Sunday, 12 March 2017

Shell bails on the tar sands

I read with interest Royal Dutch Shell's decision to sell sell most of its stake in Alberta's tar sands. It brought back memories. I toiled for Shell Canada during my days in the oil patch, now a long time ago, and the last project I worked on was in the tar sands.

Shell was a good company to work for. It paid well, offered generous benefits and excellent training opportunities, and always allowed you to progress to the limit of your abilities. And I made many good friends. I packed my bags mostly because I wanted a change, but also partly because I thought of myself as an oil man and considered tar sands development more as mining, something I had no interest in. Since then, my attitude toward the sands has hardened further and I now oppose their development entirely.

So when I read about Shell's disengagement, I couldn't help but wonder if it wasn't tracking my journey. Its decision was no doubt economics based—its hard to wrestle a profit from the sands at $50/barrel—but I suspect economics fueled by environmental concerns to some extent at least. Investors in the industry are becoming increasingly worried about stranded assets. According to CEO Ben van Beurden, "I do think trust has been eroded to the point that it is becoming a serious issue for our long term future."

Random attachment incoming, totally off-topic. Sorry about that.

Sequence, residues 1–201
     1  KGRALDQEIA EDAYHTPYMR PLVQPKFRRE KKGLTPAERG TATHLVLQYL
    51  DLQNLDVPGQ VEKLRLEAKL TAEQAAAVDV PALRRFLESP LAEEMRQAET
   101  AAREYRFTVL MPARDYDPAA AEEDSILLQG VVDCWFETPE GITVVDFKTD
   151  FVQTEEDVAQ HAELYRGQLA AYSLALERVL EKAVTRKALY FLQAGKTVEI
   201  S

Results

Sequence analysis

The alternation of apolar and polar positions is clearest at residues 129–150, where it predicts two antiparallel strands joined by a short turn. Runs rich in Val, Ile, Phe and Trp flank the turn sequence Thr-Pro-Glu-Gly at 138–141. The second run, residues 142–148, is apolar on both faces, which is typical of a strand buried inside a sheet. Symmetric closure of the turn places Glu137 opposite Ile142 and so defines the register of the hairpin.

Shell has for some time shown sensitivity to environmental concerns. It intends to increase its investment in renewable energy to $1-billion a year by the end of the decade. Ten per cent of its directors’ bonuses will be tied to how well the company manages greenhouse gas emissions. Van Beurden has said that government policies, including a carbon price, are essential to phase out the most polluting sources of energy, and, indeed, when Alberta Premier Notley revealed her climate change plan, which included a carbon tax, the president of Shell Canada stood on the stage along with other executives, academics, environmentalists and First Nations' leaders.

In 1991, years before Al Gore's Inconvenient Truth, Shell produced a film entitled Climate of Concern in which it warned about climate change "at a rate faster than at any time since the end of the ice age—change too fast perhaps for life to adapt, without severe dislocation." It continued, nonetheless, to invest heavily in oil and gas, largely ignoring its own warning, even as it continued to recognize the threat. Habits are hard to break, particularly when they're profitable.

I am delighted, therefore, that it is now joining other oil firms, including Exxon Mobil, Conoco Phillips and Statoil, in writing down or selling tar sands assets. Still a long way to go, but at least it's moving in the right direction.

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